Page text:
I saw a great post from divorce attorney Eliana Baer about her answer when a client asked her whether she believes in settlement or litigate, litigate, litigate. Her post is a fun one but the answer is an important one for clients (and often lawyers) to understand.
I am a believer in settlement under the right circumstances and when it is in the client’s best interests. If you can settle your dispute reasonably it is a big benefit to you. You can save on attorneys’ fees, but maybe even more importantly, you take control of your case to determine the outcome on your own. In those circumstances your case will not be determined by a judge, jury, or arbitrator all of whom may give a wholly unpredictable and surprising result. Sometimes that result is good and you’re happy you took it all the way to trial or hearing. But other times the result is disappointing and then you surely wish you would have settled.
The timing of serious settlement discussions is important. In my experience it is hard to settle reasonably if the timing is too early. If the lawyers do not have all the facts, an understanding of the law or comprehend the possible downside of their case, it is incredibly hard to settle reasonably.
In order to position the case for settlement it is important the other party understand the upside of my client’s case and the downside of their own case if a settlement is to occur. But keep in mind this process is going both ways. Our client also needs to assess the risks of proceeding to trial as well. For business cases like we handle, it is usually important for our client to also consider “business factors” because we are generally talking about money at issue. Business factors may include the time it will take you away from your work to continue with the case, whether you can collect from the other party, or whether the monetary expenses of proceeding to trial or hearing justify the possible recovery.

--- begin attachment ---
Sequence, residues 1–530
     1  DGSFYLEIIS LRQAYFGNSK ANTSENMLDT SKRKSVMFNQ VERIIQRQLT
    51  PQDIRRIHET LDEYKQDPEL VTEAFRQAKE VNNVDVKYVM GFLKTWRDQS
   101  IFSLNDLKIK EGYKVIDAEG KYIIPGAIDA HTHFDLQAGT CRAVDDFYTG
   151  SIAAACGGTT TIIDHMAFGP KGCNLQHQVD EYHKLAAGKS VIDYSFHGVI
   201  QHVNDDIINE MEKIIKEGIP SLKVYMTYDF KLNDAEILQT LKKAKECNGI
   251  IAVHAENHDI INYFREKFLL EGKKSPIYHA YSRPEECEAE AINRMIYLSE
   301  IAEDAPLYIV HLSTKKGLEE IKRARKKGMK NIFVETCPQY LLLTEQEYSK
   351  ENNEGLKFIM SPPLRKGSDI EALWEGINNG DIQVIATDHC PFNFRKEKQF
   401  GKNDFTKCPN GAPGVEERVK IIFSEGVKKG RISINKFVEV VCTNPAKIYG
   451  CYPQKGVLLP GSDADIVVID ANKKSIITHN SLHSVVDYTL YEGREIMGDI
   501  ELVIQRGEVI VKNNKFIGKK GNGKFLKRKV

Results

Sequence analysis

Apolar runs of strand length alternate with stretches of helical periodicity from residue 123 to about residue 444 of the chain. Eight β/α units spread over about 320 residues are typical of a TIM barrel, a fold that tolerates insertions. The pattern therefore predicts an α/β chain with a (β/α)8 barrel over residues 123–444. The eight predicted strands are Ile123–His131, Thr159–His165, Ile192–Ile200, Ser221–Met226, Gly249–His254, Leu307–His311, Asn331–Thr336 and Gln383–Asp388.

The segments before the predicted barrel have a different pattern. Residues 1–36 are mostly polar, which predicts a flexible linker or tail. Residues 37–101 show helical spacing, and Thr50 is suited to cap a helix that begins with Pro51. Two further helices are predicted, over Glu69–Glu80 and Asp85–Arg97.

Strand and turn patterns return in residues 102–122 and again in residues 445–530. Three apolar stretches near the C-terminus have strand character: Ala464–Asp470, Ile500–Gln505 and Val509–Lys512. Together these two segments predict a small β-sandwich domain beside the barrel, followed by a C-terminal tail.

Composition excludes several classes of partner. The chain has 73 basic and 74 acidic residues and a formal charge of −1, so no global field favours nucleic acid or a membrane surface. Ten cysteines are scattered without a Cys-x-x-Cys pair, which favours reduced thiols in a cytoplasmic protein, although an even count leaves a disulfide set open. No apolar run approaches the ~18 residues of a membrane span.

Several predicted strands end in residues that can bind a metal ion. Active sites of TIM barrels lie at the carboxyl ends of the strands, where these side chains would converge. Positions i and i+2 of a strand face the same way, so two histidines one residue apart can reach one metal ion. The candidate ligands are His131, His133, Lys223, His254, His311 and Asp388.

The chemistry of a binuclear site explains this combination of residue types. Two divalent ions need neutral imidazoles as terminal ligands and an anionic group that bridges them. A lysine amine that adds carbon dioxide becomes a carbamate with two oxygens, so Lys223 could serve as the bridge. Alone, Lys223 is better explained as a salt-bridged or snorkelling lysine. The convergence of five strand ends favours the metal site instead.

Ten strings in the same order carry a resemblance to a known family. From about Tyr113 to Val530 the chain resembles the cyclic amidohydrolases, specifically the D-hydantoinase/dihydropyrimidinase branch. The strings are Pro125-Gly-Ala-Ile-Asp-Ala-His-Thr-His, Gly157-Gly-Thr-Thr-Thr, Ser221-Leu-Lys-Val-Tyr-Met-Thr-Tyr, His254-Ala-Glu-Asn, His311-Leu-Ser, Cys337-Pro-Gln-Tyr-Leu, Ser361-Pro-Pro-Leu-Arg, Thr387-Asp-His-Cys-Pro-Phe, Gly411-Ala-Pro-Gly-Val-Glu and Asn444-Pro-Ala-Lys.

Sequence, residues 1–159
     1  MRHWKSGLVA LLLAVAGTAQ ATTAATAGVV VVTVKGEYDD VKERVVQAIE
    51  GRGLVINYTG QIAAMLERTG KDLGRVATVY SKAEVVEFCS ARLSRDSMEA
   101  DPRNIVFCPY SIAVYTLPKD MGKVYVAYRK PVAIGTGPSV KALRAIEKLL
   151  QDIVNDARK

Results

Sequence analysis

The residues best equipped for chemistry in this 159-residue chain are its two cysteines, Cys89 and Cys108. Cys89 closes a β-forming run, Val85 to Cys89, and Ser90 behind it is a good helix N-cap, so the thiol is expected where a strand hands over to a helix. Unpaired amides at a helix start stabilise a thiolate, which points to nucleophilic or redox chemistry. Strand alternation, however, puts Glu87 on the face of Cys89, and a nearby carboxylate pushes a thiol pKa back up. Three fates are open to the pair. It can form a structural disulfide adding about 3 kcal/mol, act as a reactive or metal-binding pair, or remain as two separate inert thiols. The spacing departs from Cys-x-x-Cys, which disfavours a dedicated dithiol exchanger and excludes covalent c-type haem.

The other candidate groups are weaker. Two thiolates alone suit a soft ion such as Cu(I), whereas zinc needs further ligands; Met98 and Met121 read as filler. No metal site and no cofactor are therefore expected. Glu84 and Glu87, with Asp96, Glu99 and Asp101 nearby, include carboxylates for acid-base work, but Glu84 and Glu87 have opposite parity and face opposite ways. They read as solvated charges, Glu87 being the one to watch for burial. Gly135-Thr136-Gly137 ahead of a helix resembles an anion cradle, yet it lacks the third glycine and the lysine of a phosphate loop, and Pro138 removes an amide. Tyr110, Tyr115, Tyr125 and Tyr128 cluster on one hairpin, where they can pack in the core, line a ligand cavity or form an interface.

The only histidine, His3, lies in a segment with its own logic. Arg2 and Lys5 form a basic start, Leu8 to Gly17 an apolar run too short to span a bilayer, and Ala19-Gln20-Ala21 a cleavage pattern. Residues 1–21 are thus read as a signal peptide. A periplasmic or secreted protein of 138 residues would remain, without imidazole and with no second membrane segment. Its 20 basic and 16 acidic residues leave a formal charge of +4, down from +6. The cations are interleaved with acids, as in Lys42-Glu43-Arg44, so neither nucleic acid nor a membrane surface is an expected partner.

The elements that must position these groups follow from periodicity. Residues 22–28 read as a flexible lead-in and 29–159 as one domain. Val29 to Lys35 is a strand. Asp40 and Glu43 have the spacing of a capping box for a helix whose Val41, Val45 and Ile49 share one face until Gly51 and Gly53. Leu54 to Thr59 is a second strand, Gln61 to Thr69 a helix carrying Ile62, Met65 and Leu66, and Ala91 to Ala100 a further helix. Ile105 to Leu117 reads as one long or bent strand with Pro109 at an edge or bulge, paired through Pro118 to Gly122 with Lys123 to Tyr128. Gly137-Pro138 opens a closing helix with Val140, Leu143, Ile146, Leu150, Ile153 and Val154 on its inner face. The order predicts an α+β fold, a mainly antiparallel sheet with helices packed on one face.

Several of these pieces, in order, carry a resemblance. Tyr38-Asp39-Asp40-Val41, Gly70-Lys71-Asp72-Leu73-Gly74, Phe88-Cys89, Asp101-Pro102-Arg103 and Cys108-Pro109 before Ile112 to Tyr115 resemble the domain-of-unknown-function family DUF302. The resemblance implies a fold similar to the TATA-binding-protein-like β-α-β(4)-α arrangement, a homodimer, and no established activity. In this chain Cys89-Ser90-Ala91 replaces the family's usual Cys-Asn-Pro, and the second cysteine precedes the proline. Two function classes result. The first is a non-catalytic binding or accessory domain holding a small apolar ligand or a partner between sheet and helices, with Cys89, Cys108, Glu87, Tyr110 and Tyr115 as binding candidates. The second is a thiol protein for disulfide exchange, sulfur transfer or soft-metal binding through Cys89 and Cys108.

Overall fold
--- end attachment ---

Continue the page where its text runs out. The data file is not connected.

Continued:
It is rare but sometimes I’ll hear from the client that it is about the principle of the matter. Trust me, it is rarely about the principle of the matter in the end. A client usually cares about the costs dearly. I can only remember a couple of rare instances where a client said it was about the principle of the matter and actually meant it.
Abraham Lincoln once said:
“Discourage litigation. Persuade your neighbours to compromise when you can. Point out to them how the nominal winner is often a real loser – in fees, and expenses, and waste of time. As a peace maker, the lawyer has a superior opportunity of being a good man. There will still be business enough. Never stir up litigation. A worse man can scarcely be found than one who does this.”
While I understand the wisdom in Lincoln’s quote, it seems Baer’s answer to her client’s question about whether she believes in settlement hits the mark directly and it’s one I wholeheartedly follow when she says,
Yes, but only at the right time and under the right circumstances, provided it is in my client’s best interests.